Monthly Archives: July 2013

Would you mind? Not at all.

English for your summer holiday

When it comes to English, it’s usually those sudden exchanges with strangers that throw you off, isn’t it? When you’re at the airport, ready to leave for your summer vacation, thinking in your own language and suddenly one of your fellow travelers is talking to you in English, you just might do a double-take. Come again?

English course Utrecht

That confusion can be compounded if that stranger happens to be a native speaker and uses an expression that doesn’t necessarily make much sense.

I witnessed one such awkward moment the last time I was in the Amsterdam airport. A guy had his bag on the seat next to him in the waiting area, and the room was getting pretty full. So someone walked up to him and asked:

Would you mind moving your bag so I can sit there?

His answer? Yes.

What’s interesting is that the guy promptly moved his bag, so it was obvious that what he meant to say was no.

Would you Mind?

When someone asks “Would you mind?” they are asking “Would it bother you to…?” or “Could I trouble you to…?”

The polite answer is No, I wouldn’t mind!

After all, it doesn’t really take so much effort to move your bag from the empty seat next to you to allow a tired stranger to sit down. When you answer “no” you are actually saying that yes, you can do what was requested!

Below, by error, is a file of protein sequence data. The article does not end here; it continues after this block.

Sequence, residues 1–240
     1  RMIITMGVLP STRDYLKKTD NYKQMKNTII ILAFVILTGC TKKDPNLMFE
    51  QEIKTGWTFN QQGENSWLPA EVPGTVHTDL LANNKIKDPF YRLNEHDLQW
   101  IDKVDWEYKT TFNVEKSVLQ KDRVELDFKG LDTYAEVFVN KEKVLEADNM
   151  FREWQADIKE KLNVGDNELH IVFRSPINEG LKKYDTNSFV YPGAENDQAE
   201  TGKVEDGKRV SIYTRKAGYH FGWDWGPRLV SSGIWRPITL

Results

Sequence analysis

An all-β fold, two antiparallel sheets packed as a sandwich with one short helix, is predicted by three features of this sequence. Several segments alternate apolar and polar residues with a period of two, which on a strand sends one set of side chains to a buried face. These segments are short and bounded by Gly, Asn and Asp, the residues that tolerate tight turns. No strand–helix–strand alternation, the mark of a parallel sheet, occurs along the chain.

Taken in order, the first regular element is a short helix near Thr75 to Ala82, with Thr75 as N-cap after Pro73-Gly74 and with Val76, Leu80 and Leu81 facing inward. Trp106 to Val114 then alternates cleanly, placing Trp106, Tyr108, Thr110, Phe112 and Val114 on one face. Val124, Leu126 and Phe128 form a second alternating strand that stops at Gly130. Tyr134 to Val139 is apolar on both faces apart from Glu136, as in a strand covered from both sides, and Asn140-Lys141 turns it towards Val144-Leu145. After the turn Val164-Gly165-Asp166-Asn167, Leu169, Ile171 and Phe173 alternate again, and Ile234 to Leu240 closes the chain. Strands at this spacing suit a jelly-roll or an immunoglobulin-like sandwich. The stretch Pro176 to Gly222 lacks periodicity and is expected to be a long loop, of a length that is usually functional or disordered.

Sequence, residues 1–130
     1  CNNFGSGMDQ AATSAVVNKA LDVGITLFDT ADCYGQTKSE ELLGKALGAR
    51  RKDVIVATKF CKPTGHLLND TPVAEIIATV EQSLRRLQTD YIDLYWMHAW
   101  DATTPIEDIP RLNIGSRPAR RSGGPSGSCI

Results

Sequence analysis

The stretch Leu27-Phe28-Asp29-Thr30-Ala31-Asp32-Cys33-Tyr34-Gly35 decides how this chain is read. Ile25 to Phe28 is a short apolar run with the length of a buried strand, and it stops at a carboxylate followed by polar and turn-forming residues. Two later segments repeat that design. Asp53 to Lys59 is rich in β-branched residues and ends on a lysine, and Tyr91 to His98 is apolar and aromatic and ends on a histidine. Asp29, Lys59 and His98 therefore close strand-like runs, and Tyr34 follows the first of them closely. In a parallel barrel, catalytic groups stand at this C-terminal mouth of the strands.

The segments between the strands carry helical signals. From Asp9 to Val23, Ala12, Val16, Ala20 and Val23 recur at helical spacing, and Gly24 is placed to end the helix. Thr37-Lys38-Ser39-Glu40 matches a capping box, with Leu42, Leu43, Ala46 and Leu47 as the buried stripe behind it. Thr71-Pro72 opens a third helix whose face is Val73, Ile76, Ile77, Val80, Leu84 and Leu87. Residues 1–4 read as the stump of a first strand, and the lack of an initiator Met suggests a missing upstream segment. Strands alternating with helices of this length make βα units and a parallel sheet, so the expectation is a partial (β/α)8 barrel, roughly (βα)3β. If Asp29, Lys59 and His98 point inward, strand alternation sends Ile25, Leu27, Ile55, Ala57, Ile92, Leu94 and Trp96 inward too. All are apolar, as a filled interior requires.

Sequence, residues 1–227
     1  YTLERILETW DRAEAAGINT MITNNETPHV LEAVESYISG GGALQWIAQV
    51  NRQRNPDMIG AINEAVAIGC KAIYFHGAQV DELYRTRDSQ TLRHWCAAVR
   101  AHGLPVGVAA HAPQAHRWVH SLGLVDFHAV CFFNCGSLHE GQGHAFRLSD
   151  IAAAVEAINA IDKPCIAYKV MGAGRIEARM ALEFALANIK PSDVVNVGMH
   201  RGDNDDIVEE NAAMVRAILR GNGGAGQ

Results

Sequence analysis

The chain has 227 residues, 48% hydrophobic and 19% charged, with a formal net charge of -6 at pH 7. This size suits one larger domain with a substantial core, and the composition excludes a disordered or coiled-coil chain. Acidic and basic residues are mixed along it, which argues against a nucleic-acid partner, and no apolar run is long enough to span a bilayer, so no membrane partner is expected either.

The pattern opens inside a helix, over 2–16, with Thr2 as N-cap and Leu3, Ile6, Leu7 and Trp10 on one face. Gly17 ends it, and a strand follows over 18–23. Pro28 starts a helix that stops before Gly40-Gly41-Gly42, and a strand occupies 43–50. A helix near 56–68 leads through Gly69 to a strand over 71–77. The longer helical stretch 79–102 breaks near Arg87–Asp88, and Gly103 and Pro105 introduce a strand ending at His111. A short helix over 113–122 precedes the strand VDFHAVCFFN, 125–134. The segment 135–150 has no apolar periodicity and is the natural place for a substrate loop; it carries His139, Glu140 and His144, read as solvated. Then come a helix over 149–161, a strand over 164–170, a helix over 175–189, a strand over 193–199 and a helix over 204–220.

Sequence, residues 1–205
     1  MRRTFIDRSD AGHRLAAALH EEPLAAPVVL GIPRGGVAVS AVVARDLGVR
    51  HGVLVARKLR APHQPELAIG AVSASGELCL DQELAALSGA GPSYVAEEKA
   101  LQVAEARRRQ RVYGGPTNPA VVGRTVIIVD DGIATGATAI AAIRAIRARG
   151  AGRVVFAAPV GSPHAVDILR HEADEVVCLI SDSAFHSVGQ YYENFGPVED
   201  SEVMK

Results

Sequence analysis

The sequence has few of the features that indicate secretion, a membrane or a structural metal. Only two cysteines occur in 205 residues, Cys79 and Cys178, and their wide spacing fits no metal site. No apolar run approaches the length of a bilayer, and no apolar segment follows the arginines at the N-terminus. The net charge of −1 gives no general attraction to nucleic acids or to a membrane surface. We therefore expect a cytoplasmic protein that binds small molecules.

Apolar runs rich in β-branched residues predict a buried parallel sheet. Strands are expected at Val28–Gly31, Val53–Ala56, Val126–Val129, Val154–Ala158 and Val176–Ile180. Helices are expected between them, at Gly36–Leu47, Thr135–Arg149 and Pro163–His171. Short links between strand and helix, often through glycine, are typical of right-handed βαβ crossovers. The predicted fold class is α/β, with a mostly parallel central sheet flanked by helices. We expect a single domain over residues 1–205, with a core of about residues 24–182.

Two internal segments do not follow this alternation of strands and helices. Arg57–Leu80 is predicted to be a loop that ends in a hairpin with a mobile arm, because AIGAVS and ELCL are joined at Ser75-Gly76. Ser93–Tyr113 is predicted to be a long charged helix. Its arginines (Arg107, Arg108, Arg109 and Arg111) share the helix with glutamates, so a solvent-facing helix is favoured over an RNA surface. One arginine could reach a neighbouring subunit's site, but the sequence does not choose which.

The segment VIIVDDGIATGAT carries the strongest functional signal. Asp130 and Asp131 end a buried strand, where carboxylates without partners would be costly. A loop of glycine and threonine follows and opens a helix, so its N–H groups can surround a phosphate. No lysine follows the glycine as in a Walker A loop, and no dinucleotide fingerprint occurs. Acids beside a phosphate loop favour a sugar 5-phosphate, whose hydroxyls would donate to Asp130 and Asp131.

You can also say:

Not at all.

Of course not.

Be my guest.

For example:

Would you mind covering your nose when you sneeze? (Not at all, I’m sorry for being inconsiderate.)

Would you mind holding the door? (Here you go, after you!)

Would you mind if I opened the window? (Not at all, it’s quite warm in here!)

Yes, I mind!

Sometimes the answer to “Do you mind…?” is yes! However, just a “yes” or “yes, I mind” can be quite short and even a bit rude, so we try to tone it down a bit for the sake of politeness. For example, in most developed countries nowadays, you can’t smoke inside anywhere, so when someone asks you:

Would you mind if I smoke?

English course Utrecht

You can answer

  • Well, actually yes. There’s a non-smoking sign right there, so maybe you could go outside?
  • Sorry, but yes. Inhaling your carcinogens makes me feel sick.

Leave a comment

Filed under Language Learning

I’ll take a stab at it.

English courses Utrecht

I’ll take a stab at it is another way of saying I’ll give it a go.

You will also hear “I’ll have a stab at it” (British English).

Stab means to thrust a knife into something (or someone). Stabbing your steak won’t send you to jail, but stabbing your neighbor will.

English courses Utrecht

Why do we use the word stab, which has such violent connotations, to mean try?

Some have suggested it might be related to a stab in the dark, which means a complete guess.

Whatever the origin, it’s a useful English expression. Check out the examples below and see if you can incorporate this into your active vocabulary.

I’d never tried water skiing before, but I had a stab at it while I was in Greece.